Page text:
‘The Order Of Relief Should Be People, Assets And Companies’
BW Hotelier talks to Nikhil Sharma, Area Director Eurasia, Wyndham Hotels & Resorts about the impact of Covid-19 on the hospitality industry.
The Indian hospitality sector is one of the worst hit sectors by novel coronavirus. BW Hotelier talks to Nikhil Sharma, Area Director Eurasia, Wyndham Hotels & Resorts about the impact of Covid-19 on the hospitality industry. He sheds light on the way forward for the industry.
What, in your view, would be the impact of the COVID-19 on the industry?
The coronavirus continues to create unprecedented circumstances for the hospitality industry, as well as for countries all over the world. While these are extraordinary times, we know they will pass. We remain confident in the strength and resiliency of our industry and our business. As we enter a new era of travel, the key priority is to ensure that we play our part at restoring guests’ confidence in travel and do everything we can to make them feel safe and welcome.
Do you think there is a reset of the global order across industries and does it mean the fittest and sharpest will come back sooner than the others?
The fittest and sharpest will be better positioned to see a rebound and at Wyndham Hotels & Resorts, we have already started deploying various initiatives for our hotels to help ensure the smoothest transition possible when travel gradually resumes. Outside of travel, all industries will need to be agile and adaptable to meet consumer needs in this new normal.
The industry has been in an expansion mode, what is your take on that and message?
The hotel industry as a whole has been in expansion mode over the past several years. More specifically, in India and across the rest of the Indian-subcontinent, we’ve seen rapid growth, across existing and new destinations in the region. This growth is in line with Wyndham Hotels & Resorts' mission to make hotel travel possible for all. Earlier this year, before the lockdown measures started in India, we opened three additional hotels and signed five development agreements. The travel industry will inevitably rebound, and when it does, we will be there, ready to welcome travellers back through our doors.
Your message for the industry professionals: How best must they efficiently utilize this crisis and lockdown period from a review and planning standpoint?
This time allows for unique opportunities for industry professionals. Opportunities to enhance skills, build team rapport and show support to owners and employees. It also affords the opportunity to work on personal goals, such as fitness and personal betterment. Most importantly, it affords the opportunity to construct a well-rounded plan for recovery.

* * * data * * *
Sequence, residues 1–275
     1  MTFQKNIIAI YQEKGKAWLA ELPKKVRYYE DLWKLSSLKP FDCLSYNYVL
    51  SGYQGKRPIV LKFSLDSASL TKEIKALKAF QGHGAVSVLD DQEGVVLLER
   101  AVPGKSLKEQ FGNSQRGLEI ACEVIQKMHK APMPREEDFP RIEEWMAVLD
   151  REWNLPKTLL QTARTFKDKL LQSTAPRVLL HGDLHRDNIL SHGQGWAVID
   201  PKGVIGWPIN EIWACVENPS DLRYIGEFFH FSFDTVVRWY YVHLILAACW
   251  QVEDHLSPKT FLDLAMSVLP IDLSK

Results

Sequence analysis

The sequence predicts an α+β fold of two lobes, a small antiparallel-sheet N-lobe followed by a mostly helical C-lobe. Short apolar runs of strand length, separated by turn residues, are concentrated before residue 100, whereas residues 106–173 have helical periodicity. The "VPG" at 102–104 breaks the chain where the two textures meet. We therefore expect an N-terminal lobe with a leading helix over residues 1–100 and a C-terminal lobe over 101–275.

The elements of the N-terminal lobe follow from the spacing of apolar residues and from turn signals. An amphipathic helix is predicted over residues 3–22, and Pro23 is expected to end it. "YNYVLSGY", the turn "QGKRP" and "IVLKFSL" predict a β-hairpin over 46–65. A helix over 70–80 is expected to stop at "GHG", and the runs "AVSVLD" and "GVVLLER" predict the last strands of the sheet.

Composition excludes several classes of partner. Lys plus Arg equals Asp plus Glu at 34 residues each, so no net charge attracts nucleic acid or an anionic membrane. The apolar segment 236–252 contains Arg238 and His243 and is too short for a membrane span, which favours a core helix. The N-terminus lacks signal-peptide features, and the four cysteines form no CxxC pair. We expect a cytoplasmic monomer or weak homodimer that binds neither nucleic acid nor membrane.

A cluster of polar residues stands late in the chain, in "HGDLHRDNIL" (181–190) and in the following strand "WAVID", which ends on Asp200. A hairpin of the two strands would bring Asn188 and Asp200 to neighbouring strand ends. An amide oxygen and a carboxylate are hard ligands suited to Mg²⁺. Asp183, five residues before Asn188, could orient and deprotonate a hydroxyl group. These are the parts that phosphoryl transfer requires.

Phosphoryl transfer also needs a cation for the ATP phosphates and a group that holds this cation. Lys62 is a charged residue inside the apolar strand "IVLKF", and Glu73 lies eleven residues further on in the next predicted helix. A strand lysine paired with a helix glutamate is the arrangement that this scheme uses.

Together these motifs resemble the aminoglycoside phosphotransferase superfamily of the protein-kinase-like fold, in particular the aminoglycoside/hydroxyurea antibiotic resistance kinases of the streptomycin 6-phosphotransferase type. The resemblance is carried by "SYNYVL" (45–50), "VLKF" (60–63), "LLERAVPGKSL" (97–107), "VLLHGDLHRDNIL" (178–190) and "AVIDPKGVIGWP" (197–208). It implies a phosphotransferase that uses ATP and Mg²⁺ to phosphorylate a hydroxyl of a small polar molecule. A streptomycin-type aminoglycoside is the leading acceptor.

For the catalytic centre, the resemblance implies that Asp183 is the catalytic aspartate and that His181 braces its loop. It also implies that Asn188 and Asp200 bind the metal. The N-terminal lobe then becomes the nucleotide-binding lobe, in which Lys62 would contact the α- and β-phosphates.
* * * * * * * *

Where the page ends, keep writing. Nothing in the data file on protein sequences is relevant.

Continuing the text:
What steps do you suggest for the industry's recovery and in what horizon?
* Put health and safety first - for guests, colleagues and staff members. This is absolutely key.
* Develop a practical and innovative approach to sales.
* Adapt to new work environments and educate yourself on how best to help your hotels—particularly as they run with limited resources.
What relief measures do you suggest for the industry leaders that they must go to the Government with, for the industry’s recovery?
The order of relief should be people, assets and companies. It is important to first look after our workforce, then minimise non-performing assets and after this assist with keeping the lights on in companies.
Your thoughts and advice on how should the industry be promoted post-COVID crisis?
Our belief at Wyndham is that guests, team members and hotel owners need to know they can count on us to always put their health and safety first. We need to build guest confidence while showing unwavering support for hotels and their owners. This is at the heart of everything we do and will continue to do.
Outside of our own efforts, the focus on domestic travel in India will continue to be key and drive the country’s travel recovery. The Prime Minister’s message of visiting at least 15 destinations in India by 2022 is particularly relevant to promoting tourism and shows the kind of thinking that will help pave the way for the revival of the industry.
Any other pearls of wisdom to cheer up the industry? Share some positive pointers for better times ahead.
Although there is a high level of uncertainty surrounding our industry at this time, the travel sector has repeatedly proven to be strong in the face of adversity and we remain confident in its strength and resiliency when travel resumes once more. The industry will be changed but we will adapt and prevail. While reaching pre-COVID-19 levels will take some time, there is a particular silver lining for the Indian hotel industry: 85 per cent of travel will be driven by domestic tourism and the expected re-direction of 25 million international travellers to domestic destinations in 2020 or early 2021.
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